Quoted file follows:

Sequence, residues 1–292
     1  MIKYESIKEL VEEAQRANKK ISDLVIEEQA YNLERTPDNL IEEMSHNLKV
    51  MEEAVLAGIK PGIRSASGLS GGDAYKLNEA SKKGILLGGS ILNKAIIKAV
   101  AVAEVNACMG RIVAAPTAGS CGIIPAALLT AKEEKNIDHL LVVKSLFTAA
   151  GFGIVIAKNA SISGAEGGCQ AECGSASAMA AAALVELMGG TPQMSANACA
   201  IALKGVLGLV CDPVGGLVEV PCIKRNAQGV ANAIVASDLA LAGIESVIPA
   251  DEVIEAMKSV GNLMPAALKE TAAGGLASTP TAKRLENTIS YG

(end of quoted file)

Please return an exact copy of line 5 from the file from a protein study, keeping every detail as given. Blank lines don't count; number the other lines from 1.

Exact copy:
   151  GFGIVIAKNA SISGAEGGCQ AECGSASAMA AAALVELMGG TPQMSANACA